Collaborative Learning. 6-12 Collaboration Rubric (CCSS Aligned) Top 5 Ways to Teach Collaboration. Deeper Learning: A Collaborative Classroom Is Key. What's ideal when it comes to collaboration in our classrooms?
Here's one coveted scenario: several children gathered at a table engaged in a high-level task, discussing, possibly debating an issue, making shared decisions, and designing a product that demonstrates all this deeper learning. As teachers, we'd love to see this right out the gate, but this sort of sophisticated teamwork takes scaffolding.
It won't just happen by placing students together with a piece of provocative text or an engaging task. (Heck, this deeper learning collaboration is challenging for most adults!) In preparing our students for college and careers, 21st century skills call on us to develop highly collaborative citizens -- it's one of the 4 Cs, after all. So how do we begin this scaffolded journey? Establish Group Agreements Deciding on group norms, or agreements, right at the get go will give each student a voice and provide accountability for all. Teach Them How to Listen. Collaborative Skills. Class norms represent the behavior expectations that support the core concepts of trust, sharing, belonging and respect.
Collaborative skills are the specific ways in which students are expected to behave in order to achieve class norms. After norms have been developed, collaborative skills are assessed, prioritized and taught. Collaborative skills that we have identified as promoting the core concepts and supporting class norms are listed below. Www.schreyerinstitute.psu.edu/pdf/Commonly_Asked_Questions_about_Teaching_Collaborative_Activities.pdf. Express 6.11 - Tips for New Teachers: Teaching Collaborative Skills to a Digital Generation. Lynn Bechtel In Grown Up Digital, Don Tapscott (2008) notes that immersion in a digital environment has yielded students who thrive when teachers use "a student-focused model [of teaching] based on collaboration" (p. 11).
Students' widespread use of digital devices to contact friends and access social media leads them to expect—and feel very comfortable with—collaboration. For savvy teachers, students' interest in connecting with one another can open the door to teaching important collaborative work skills. Positive role-playing offers a great tool for teaching this. Use Positive Role-Playing Before beginning collaborative work (and, ideally, before using digital media socially), children need to think through and practice positive social responses, starting with face-to-face interaction.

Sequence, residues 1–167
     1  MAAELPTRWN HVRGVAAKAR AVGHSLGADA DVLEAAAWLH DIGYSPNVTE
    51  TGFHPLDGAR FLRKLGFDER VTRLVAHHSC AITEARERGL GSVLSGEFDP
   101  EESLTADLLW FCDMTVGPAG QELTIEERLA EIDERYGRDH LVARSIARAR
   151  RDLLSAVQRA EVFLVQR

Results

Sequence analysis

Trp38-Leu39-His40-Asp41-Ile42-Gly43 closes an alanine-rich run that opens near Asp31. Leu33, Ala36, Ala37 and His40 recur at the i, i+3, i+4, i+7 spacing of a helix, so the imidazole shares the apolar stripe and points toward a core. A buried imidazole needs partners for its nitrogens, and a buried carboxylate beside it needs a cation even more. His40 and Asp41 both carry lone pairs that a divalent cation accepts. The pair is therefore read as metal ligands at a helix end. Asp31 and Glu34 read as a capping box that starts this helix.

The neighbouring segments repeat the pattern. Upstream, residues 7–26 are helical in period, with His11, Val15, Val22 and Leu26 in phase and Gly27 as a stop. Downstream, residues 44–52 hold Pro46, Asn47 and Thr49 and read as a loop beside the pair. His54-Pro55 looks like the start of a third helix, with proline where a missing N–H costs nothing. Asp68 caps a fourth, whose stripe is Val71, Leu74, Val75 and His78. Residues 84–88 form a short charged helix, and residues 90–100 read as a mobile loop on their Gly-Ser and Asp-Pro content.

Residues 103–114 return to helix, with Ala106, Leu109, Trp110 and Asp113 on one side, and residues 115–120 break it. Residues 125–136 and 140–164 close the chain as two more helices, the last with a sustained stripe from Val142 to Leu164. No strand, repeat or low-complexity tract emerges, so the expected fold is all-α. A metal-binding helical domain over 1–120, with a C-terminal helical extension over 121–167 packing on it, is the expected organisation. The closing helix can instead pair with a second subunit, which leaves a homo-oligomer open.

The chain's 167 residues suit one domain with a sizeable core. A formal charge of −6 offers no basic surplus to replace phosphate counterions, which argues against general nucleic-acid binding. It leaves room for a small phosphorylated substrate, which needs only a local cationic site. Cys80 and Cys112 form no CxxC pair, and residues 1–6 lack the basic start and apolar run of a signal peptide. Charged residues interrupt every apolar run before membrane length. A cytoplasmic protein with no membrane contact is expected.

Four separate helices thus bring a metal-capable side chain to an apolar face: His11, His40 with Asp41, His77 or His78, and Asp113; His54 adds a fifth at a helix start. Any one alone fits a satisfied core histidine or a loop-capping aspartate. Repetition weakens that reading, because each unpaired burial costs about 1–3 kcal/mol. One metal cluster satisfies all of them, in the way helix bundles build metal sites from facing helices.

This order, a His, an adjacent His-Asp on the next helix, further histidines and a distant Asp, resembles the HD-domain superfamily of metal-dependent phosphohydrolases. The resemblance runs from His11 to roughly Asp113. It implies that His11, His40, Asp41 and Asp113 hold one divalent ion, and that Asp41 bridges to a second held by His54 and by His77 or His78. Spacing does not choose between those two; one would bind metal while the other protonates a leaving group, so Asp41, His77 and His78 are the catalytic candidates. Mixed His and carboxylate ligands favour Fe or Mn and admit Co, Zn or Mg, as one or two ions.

We all tend to remember behaviors we practice and see others model. Collaboration. July 2012 • firstname.lastname@example.org Collaboration is the act of working together for a common goal.
The Partnership for 21st Century Skills says that mastering collaboration skills requires the ability to work effectively with diverse teams. It also requires the ability to "be helpful and make necessary compromises to accomplish a common goal. " Easing the Pain of Student Collaboration. One of the most valued skills employers are looking for in an employee is the ability to collaborate.
This doesn’t just mean being “nice,” it means being able to be part of a productive and efficient team that gets the job done. And while a significant amount of adult time is devoted to teaching very young kids the basics of playing well with others, as students enter into middle and high school, little attention is given to developing a student’s ability to collaborate. At the same time, every teacher has experienced the pain that comes with student collaboration. Get started with these sample contracts from New Tech Network, and watch the video below to learn more about team contracts. Grades 9-12 / All Subjects / Pbl. Www.cte.hawaii.edu/publications/Collab_web.pdf. Marana Unified School District - Productive Group Work. During Productive Group Work, students collaborate about content in order to clarify their understanding, defend their reasoning, and practice new skills.
As stated in Better Learning Through Structured Teaching (Fisher and Frey, 2008), “Collaborative learning provides a critical bridge in student learning because it allows novice leaners to refine their thinking about new concepts and skills.” Many teachers automatically associate Productive Group Work with the idea of a group of 4-6 students working over several days on an assigned project. This is one instance of what a Productive Group Work task could look like, but effective Productive Group Work is not limited to this example.
Productive Group Work is an opportunity for students to collaborate about content in a variety of ways: discussing ideas, sharing additional examples, debating concepts, and practicing new skills. Students could be in pairs, triads, or table teams for this collaboration. Productive Group Work! We know that group work can be instructionally effective, but only if it is productive.
We don't just want busywork when students work in groups -- we want learning! Work doesn't always create learning, an idea that many teachers still struggle with. These teachers make the assumption that even with a clear task, group work will be productive. Conversely, many teachers assume that when building classroom culture, group work will be productive as well.